International Boulevard

Fleeing War, Syrian Women Find an Over-Eager Embrace

Jordanian men are eager to ‘protect’ young Syrian women and girls forced out of their country by civil war by buying them for cheap secret marriages, a local columnist writes. A campaign to convince men that ‘rescue marriages’ are immoral.

ANNOUNCEMENT, ANNOUNCEMENT: Young Syrian girls available for marriage. Call the following numbers: (…)

This was the text of an advertisement that appeared on walls and lampposts just days after Syrian refugee women began arriving in the northern Jordanian provinces, fleeing the unrest that is shaking their country. The advertisement disappeared quickly. But young Syrian brides have been an avid topic of conversation in Jordan ever since.

Marrying a Syrian woman is now in reach for even those down-on-their-luck Jordanian men who couldn’t afford a dowry before. And for those who can afford it, marrying four refugee ladies at once could be a real boast. As for those already married, the threat of obtaining a Syrian second wife could sure rile up their wives.

All you have to do is go to Mafraq, (68 Km northeast of Amman) or Al-Ramtha (95 km north) to score a Syrian wife, with prices starting at as little 100 JD (US$140) and no more than 500 JD (US$703). A bargain that Jordanians are talking about at a time when the average cost of marrying in the country reaches 15,000 JD (US$ 21,000).

Publicly, those who marry Syrian refugees say that they want to “protect Muslim women” through a legal marriage that will lift them out of poverty and need, and help them to escape the harsh life of refugee camps. This is what the Jordanian groom claimed in the first such marriage, organized by an aid organization. As it turned out, his real motivation was the pleasure of a fifty-year old man in his twenty-year old refugee, acquired on the cheap. He married her in secret, and when exposed, quickly dumped her.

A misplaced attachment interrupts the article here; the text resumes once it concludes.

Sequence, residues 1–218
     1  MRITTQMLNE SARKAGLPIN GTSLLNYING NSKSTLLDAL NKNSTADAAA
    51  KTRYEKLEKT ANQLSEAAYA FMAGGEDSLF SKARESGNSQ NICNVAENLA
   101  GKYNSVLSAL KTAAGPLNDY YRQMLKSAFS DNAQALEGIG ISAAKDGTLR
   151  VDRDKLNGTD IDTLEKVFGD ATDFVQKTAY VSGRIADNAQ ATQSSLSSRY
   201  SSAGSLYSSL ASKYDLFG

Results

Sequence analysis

This incident caused aid organizations to shut down their matrimonial programs, despite a huge interest from prospective grooms. Moreover, to put an end to a flood of Jordanians wanting secret marriages with Syrian refugees, the Jordanian interior ministry circulated an order that all courts inform couples that marriage contracts not taking place in official courts would be invalid, and the groom held legally responsible.

The official figures, which only document 200 marriages between Jordanian men and Syrian refugee women since Feb. 2011, would be hard to reconcile with all of the hubbub. But during that time, the number of Syrian refugees in Jordan, most of them women, had risen to more than 100,000 by Sept 2012 [and 385,000 by mid-2013]

Syrian activists angered by the slander and harassment faced by their female compatriots started a social media campaign called ““. The campaign rejects transforming Syrian women-who have rebelled for their dignity -into cheap goods to be trafficked on the slave markets under the pretext of marriage and protection. The campaign’s Facebook page says that it has documented a small number of marriages, but was unable to communicate with the married refugee women or their families.

Campaigners hope on the one hand to warn families of the dangers of marrying off their daughters under flimsy pretexts in the hopes of protecting them or saving them from poverty. They also directly address the men of the countries where the Syrian refugees have fled to, men who may genuinely believe that offering marriage to refugees is offering help. It is not help, they say; it is a crime and should be looked upon as a shameful act which is contrary to religious ethics and human values.

The issue of “Syrian brides” in Jordan has been contained, its motives exposed. But just as troubling is the sexual exploitation of refugee women who have taken jobs as maids in Jordanian homes. This second phenomenon remains shrouded in total secrecy, silence imposed on it; all we know of it is rumors.

What disgrace that these women, young and old, women who have lost their homes and their safety, are paying doubly the price of war.

Mohammed Al Fudaylat

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